You can of course use different fruits according to season. This is a crumble using autumn/winter fruits. If you don’t use the cranberries and only use apple or apple/pear, then add about one fourth cup of apple juice and a teaspoon of lemon juice and adjust cooking times and sugar content. You can also add a nice splash of pear or apple brandy along with the vanilla as well. Not only a sensual, but an extremely adaptable fruit crumble.

I like best those desserts that are simple and full of fruit. My favorite birthday cake is apple pie and for my birthday this past weekend, I fixed apple pie. And it is all gone and very happily enjoyed!!! I hope you enjoy this crumble and I am sure you will agree with me on one thing – it’s good!!!

Autumn Fruit Crumble
2 cups fresh or thawed frozen cranberries
2 firm-ripe pears such as Bartlett, peeled and cut into 1/2-inch pieces
2 apples such as Gala, peeled and cut into 1/2-inch pieces (I use Macintosh)
3/4 cup sugar, divided
1 1/2 tablespoons cornstarch
3/4 teaspoon pure vanilla extract
1 cup old-fashioned oats
½ cup chopped nuts – walnuts, or pecans or almonds (optional)
1/2 cup all-purpose flour
Pinch of salt
1 stick unsalted butter, softened

Directions
Preheat oven to 425°F with rack in middle. Stir together fruits, 1/4 cup sugar, cornstarch, and vanilla and place in a buttered shallow 2-quart baking dish. Stir together oats, flour, salt, nuts, and remaining 1/2 cup sugar. Blend in butter with your fingertips until mixture forms small clumps. Scatter over fruit and bake until juices are bubbling and topping is golden brown, about 30 – 40 minutes. Cool slightly before serving. Serves 6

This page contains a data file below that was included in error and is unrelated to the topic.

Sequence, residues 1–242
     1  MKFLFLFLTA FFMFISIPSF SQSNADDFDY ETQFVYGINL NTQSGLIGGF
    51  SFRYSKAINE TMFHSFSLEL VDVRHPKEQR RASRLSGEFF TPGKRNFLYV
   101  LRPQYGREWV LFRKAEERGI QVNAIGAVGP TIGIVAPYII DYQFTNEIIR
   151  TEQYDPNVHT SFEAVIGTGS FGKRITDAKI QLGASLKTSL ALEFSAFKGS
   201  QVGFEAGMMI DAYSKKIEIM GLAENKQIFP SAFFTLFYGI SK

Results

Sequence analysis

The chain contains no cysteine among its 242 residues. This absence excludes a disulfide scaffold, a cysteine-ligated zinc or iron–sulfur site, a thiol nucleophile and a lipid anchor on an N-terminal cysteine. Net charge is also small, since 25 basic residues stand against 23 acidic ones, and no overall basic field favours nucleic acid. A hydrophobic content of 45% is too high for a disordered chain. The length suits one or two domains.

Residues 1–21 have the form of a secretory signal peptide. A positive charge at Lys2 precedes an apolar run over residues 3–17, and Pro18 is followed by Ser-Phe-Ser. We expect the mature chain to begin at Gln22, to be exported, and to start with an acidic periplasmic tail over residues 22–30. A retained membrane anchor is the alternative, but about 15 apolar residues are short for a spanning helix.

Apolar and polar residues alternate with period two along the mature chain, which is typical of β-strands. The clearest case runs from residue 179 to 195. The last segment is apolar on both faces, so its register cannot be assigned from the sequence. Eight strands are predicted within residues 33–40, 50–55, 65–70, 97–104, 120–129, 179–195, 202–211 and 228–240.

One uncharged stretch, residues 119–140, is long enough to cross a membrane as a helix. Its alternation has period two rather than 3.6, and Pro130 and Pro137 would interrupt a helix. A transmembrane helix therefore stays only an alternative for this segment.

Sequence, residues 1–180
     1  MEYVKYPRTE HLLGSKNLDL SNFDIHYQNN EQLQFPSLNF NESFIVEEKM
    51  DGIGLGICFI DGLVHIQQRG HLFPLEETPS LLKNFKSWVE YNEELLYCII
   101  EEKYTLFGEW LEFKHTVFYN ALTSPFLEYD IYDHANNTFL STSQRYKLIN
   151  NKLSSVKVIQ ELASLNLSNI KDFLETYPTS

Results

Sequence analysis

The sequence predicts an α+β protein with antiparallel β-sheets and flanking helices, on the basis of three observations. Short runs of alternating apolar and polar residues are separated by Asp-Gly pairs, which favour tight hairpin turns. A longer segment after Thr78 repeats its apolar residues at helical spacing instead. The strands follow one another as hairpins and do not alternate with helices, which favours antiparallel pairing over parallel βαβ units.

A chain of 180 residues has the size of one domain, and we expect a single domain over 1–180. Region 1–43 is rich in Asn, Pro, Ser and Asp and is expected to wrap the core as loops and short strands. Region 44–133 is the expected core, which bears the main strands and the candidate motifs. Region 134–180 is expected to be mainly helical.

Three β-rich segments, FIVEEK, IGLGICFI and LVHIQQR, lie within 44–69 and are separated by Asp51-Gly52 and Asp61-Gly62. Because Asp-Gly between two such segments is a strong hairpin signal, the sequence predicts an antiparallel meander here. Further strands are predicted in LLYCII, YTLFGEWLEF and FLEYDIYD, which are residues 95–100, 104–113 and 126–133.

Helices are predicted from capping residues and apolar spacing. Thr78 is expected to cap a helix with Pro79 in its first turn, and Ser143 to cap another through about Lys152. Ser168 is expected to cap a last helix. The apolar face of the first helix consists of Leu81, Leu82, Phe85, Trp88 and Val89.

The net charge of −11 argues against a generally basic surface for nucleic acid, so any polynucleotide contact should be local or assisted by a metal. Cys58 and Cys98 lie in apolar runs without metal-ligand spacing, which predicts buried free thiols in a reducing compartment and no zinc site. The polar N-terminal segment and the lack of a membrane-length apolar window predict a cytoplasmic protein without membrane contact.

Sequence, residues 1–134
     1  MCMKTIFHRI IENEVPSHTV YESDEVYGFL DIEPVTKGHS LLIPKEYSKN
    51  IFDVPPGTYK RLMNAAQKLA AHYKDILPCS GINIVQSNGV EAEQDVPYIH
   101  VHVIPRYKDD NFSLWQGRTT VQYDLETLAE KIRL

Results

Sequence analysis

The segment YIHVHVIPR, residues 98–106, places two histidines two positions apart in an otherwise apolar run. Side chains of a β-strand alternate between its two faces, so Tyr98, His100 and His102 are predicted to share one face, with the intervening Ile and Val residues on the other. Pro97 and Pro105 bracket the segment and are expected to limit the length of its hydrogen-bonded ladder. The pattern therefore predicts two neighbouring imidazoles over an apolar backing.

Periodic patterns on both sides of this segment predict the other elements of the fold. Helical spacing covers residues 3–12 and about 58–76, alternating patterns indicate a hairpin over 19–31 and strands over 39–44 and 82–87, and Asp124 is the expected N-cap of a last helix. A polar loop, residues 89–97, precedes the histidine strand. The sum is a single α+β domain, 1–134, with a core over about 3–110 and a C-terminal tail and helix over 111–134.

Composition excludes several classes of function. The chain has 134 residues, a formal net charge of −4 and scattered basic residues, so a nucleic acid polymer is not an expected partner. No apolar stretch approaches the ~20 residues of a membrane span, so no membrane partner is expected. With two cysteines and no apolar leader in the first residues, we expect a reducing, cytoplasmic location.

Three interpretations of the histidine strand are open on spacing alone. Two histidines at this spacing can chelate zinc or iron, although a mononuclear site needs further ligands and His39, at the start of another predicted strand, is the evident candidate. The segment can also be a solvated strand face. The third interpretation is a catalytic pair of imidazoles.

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Winter’s Coming: Chicken Paprikash

I grew up in an old and established neighborhood. At the end of our block was the granite stone wall separating us from the Duke University East Campus. The wall was high enough to keep out dogs but not kids dropping their dogs over and running with them on the lush grass beneath old oaks. It was also low enough for adults to shinny over and walk about in peace or picnic or for teens to find a quiet place to smooch under the moon.

The wall also did not separate visiting professors to Duke and when housing permitted, to move into our neighborhood and to share their culture with our Southern culture. When I was around seven, a Hungarian professor moved into the empty Bailey house along with his wife, kids, mother, and goat. The goat sometimes liberated himself and roamed about. Luckily for us, the professor’s mother was often the one to come and retrieve him. An ample and friendly soul, she soon knew everyone and everyone knew her.